In certain embodiments of the invention, a patient is assessed to identify the risk of developing insulin dependent diabetes mellitus (IDDM) prior to the concurrent administration of a cysteamine compound and at least one additional therapeutic agent (i.e., physical exercise, improved dietary intake, and reduction in weight). Various markers have recently been identified as important markers that predate the clinical onset of IDDM. Immunological markers that can be detected using methods known to the skilled artisan to assess diabetes susceptibility in asymptomatic patients include, but are not limited to, autoantibodies to insulin (IAA); glutamic acid decarboxylase (GAD); and autoantibodies to islet cells (ICA), such as an islet cell member of the receptor type of the tyrosine phosphate family termed IA-2. Methods for identifying asymptomatic patients susceptible to diabetes by detecting such markers, which can be used in accordance with the subject invention, include, but are not limited to, U.S. Pat. Nos. 6,391,651 and 6,316,209.
In accordance with the invention, compositions comprising, as active ingredients, an effective amount of the cysteamine compound and at least one additional therapeutic agent, also include one or more non-toxic, pharmaceutically acceptable carrier or diluent. Examples of such carriers for use in the invention include ethanol, dimethyl sulfoxide, glycerol, silica, alumina, starch, sorbitol, inosital, xylitol, D-xylose, manniol, powdered cellulose, microcrystalline cellulose, talc, colloidal silicon dioxide, calcium carbonate, magnesium carbonate, calcium phosphate, calcium aluminium silicate, aluminium hydroxide, sodium starch phosphate, lecithin, and equivalent carriers and diluents.
In one embodiment, compositions comprising a cysteamine compound, at least one additional therapeutic agent, and a carrier such as inclusion compound host materials are provided. It is believed that by providing a carrier such as inclusion compound host materials, a stabilized cysteamine compound molecule can be safely delivered to a patient at a dosage that will not induce toxicity. In addition, such carrier materials can include coating materials (i.e., enteric-coatings) that allow dissolution of the coating in an alkaline environment such as in the intestines.
An inclusion compound host material that can be used in accordance with the subject invention include those disclosed in U.S. Patent Application No. 20040033985, incorporated herein in its entirety. Contemplated inclusion compound host materials include proteins (such as albumin), crown ethers, polyoxyalkylenes, polysiloxanes, zeolites, cholestyramine, colestipol, colesevelam, colestimide, sevelamer, cellulose derivatives, dextran derivatives, starch, starch derivatives, and pharmaceutically acceptable salts thereof. Contemplated cellulose derivatives and dextran derivatives include DEAE-cellulose, guanidinoethylcellulose, or DEAE-Sephadex. Favorable starches or starch derivatives to be included in the compositions of the invention include cyclodextrin, retrograded starch, degraded starch, a combination of retrograded and degraded starch, hydrophobic starch, amylase, starch-diethylaminoethylether, and starch-2-hydroxyethylether.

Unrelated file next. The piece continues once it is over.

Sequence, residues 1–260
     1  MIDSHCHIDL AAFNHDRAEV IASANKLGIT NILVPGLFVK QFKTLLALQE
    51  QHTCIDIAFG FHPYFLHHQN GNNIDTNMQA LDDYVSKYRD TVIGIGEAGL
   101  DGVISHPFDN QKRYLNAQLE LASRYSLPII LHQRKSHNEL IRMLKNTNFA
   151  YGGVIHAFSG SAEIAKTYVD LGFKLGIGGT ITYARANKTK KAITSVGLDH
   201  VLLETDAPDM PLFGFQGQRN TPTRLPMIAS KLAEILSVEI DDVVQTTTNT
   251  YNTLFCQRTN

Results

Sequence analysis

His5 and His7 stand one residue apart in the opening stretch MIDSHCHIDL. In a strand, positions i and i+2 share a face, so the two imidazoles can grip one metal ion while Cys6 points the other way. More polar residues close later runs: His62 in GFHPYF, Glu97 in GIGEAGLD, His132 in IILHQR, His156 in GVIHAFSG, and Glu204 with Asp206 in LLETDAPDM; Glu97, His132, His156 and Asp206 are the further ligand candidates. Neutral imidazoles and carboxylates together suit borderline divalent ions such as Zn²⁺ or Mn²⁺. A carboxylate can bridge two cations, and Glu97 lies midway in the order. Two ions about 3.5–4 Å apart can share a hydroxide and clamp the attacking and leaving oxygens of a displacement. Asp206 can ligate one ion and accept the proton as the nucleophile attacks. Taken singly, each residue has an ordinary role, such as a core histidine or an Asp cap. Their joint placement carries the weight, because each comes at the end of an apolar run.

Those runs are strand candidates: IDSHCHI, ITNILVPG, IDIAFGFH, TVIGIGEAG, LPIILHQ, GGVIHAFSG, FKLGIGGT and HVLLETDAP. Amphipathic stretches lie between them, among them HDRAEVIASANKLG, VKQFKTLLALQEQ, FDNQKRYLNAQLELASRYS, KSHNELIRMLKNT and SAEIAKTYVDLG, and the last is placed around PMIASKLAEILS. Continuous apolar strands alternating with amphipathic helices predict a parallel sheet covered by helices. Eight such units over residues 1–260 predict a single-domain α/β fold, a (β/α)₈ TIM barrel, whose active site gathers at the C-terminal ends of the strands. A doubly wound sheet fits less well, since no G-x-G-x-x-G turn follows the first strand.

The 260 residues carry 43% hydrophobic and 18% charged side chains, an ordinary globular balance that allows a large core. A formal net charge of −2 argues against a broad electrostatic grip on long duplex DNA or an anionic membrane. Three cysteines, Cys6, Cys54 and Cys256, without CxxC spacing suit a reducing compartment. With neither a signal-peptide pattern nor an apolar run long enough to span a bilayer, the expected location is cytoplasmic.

According to the subject invention, preferred inclusion compound host materials include, but are not limited to, cyclodextrin and/or its derivatives (i.e., methyl β-cyclodextrin (M-β-CD), hydropropyl β-cyclodextrin (HP-β-CD), hydroethyl β-cyclodextrin (HE-β-CD), polycyclodextrin, ethyl β-cyclodextrin (E-β-CD) and branched cyclodextrin. As one skilled in the art will appreciate, any cyclodextrin or mixture of cyclodextrins, cyclodextrin polymers, or modified cyclodextrins can be utilized pursuant to the present invention. Cyclodextrins are available from Wacker Biochem Inc., Adrian, Mich. or Cerestar USA, Hammond, Ind., as well as other vendors. Formation of inclusion complexes using cyclodextrin or its derivatives protects the constituent (i.e., cysteamine compound) from loss of evaporation, from attack by oxygen, acids, visible and ultraviolet light and from intra- and intermolecular reactions.
The general chemical formula of cyclodextrin is (C6O5H9)n. The content of inclusion compound host materials in compositions of the subject invention can range from about 1 to 80 wt %. Preferably, the content of inclusion compound host materials in compositions of the invention range from about 1 to 60 wt %. The actual amount of the inclusion compound host materials used will depend largely upon the actual content of cysteamine compound and additional therapeutic agent(s) used in preparing compositions of the invention.
To provide for the administration of such dosages for the desired therapeutic treatment, compositions of the invention will typically comprise between about 1% and 99%, of at least one cysteamine compound, with at least one additional therapeutic agent and a carrier and/or diluent making up the remainder of the total composition. The dosage used can be varied based upon the age, weight, health, or the gender of the individual to be treated.
Concurrent administration of a cysteamine compound and at least one additional therapeutic agent, in accordance with the subject invention, to a patient diagnosed with insulin resistance preferably enables blood sugar levels to be maintained within normal, acceptable ranges (90-130 mg/dL after fasting—as accepted by the American Diabetes Association).
With certain embodiments, when the additional therapeutic agent is insulin, the preferred daily dosage amount for compositions comprising a cysteamine compound and insulin is about 0.1 to 400 mg/kg of body weight (BW) of cysteamine (or equivalent molar quantity of a cysteamine compound) and about 0.1 to 50.0 units/kg BW of insulin. Preferably, a daily dosage of about 30 mg/kg of BW of cysteamine (or equivalent molar quantity of a cysteamine compound) is concurrently administered with insulin to a patient.